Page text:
The number of organisations in the UK looking to increase the size of their workforce has grown for the fourth consecutive quarter, with half of employers planning to take on new staff over the next six months.
The latest Cranfield School of Management's / Daily Telegraph Recruitment Confidence Index (RCI), suggests that 52 per cent of employers are looking to expand their workforce.
But while almost a quarter – 23 per cent – say the number of unfilled vacancies will go up over the next six months, employers appear to be worryingly relaxed about how they will fill these vacancies.
They are not planning an increase in recruitment spend, nor are they predicting a severe skills shortage. Although almost four out of ten are planning to increase their spending on commercial recruitment web sites and one in three say they will increase their spending on employment agencies, recruitment spend is largely set to remain the same.
Professor Shaun Tyson from Cranfield School of Management said: "All the indicators this quarter point to increasing demand for labour. The question is will the supply of labour be readily available, especially in the 'hot spots' of the South East of England?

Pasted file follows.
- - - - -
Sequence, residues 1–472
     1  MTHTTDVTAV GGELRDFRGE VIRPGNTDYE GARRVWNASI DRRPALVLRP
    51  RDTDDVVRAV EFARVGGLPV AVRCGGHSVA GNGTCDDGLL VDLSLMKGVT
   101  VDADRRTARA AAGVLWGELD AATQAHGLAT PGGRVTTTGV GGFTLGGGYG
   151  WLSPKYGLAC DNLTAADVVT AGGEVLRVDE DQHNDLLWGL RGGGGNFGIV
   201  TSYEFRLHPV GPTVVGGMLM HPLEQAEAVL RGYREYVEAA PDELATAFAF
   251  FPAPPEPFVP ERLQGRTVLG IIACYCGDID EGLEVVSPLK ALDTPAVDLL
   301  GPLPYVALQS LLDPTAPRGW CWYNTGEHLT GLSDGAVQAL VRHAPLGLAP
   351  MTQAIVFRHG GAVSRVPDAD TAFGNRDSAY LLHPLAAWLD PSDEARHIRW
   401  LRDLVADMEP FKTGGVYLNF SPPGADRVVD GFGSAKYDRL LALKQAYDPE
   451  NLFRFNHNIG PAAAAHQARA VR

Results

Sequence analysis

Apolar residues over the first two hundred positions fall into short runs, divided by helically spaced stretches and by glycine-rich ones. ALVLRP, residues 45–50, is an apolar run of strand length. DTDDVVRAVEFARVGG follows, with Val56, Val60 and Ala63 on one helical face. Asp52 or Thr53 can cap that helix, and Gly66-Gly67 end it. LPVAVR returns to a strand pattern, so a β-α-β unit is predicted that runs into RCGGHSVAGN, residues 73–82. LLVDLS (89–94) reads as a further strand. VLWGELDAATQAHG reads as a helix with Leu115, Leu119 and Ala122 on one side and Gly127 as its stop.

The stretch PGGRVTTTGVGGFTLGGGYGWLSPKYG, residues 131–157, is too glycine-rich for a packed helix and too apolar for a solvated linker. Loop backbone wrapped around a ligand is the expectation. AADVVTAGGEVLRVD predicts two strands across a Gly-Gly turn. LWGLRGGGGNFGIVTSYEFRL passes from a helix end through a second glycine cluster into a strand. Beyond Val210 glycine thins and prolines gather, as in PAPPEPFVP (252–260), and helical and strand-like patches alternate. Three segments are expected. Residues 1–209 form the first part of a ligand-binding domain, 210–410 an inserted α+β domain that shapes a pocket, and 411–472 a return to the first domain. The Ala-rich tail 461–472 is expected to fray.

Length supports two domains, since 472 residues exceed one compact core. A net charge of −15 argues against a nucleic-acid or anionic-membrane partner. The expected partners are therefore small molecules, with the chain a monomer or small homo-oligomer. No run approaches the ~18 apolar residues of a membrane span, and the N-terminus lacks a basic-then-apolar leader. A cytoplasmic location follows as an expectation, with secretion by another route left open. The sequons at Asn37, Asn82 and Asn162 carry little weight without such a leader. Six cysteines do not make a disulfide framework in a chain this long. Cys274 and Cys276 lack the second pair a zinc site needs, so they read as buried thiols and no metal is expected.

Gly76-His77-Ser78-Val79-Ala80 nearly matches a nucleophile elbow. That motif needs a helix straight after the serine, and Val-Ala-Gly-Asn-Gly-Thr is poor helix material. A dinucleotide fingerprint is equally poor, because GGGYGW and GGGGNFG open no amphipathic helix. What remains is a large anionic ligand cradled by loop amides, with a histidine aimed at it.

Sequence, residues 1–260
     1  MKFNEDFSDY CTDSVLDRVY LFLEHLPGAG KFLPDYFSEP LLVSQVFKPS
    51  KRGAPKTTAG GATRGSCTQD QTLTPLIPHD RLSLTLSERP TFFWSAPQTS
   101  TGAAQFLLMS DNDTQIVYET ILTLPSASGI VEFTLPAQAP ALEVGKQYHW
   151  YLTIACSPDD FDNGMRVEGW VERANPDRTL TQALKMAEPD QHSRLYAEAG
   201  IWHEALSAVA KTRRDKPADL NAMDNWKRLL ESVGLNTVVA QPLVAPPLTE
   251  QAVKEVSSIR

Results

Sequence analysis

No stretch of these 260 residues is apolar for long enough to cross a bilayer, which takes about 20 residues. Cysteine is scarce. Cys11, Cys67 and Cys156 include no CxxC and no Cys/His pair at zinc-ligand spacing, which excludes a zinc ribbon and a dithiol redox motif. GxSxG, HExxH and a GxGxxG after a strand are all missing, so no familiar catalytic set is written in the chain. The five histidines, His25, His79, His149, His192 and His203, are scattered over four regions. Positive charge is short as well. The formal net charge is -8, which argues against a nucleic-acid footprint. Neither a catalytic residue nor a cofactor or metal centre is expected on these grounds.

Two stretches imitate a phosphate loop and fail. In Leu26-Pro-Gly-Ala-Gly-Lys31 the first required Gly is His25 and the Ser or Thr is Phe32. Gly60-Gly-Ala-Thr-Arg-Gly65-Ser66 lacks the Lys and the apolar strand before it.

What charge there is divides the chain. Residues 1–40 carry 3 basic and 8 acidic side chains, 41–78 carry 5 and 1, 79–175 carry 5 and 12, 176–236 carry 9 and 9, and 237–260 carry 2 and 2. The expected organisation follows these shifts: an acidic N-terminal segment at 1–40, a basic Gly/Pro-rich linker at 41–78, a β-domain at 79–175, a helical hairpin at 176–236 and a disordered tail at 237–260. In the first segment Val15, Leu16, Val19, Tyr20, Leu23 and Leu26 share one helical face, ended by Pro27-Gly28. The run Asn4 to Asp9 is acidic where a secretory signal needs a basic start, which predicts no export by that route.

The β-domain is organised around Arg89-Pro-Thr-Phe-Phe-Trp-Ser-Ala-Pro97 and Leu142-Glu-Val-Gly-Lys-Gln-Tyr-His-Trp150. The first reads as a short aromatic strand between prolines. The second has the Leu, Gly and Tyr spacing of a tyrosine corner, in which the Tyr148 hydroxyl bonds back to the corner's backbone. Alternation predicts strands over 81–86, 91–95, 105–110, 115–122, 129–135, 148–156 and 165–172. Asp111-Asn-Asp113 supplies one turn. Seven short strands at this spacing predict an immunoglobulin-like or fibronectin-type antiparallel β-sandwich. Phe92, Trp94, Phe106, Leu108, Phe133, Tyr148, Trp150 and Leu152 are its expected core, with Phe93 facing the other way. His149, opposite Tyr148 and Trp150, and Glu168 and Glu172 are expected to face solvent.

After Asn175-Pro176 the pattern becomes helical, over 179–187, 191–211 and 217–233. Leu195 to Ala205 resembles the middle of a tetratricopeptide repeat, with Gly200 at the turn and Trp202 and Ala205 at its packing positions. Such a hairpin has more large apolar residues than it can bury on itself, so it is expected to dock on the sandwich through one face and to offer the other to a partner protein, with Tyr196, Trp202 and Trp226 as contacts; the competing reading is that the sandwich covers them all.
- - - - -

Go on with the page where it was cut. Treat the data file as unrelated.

The index suggests that sales managers will be in greatest demand over the next six months with one in three employers looking to recruit selling skills.
IT staffing also looks set to emerge from the doldrums. For the first time in four years employers are predicting a rise in demand for IT skills. Eighteen per cent say they will recruit IT staff over the next six months, up from 15 per cent in the last quarter.
"The imminent expansion of the European Union does have the potential to fill some of these jobs,” Professor Tyson added, “but it is unlikely to have a dramatic impact immediately. Rising labour costs could see jobs going the other way and moving out of the UK to elsewhere in Europe."
Stephanie Richards, recruitment research manager at The Daily Telegraph said: "The challenge facing employers is whether they are prepared for the pending hike in vacancies. If they intend to rely on the existing supply of labour, as seems to be the case, they will need to think seriously about how they use reward packages to attract, retain and motivate staff."
But the buoyancy of the recruitment market appears to have had little impact on business confidence. Prior to the outbreak of the War in Iraq 65 per cent of respondents reported optimism regarding business confidence. That figure plummeted during the crisis and remains at only 19 per cent this quarter.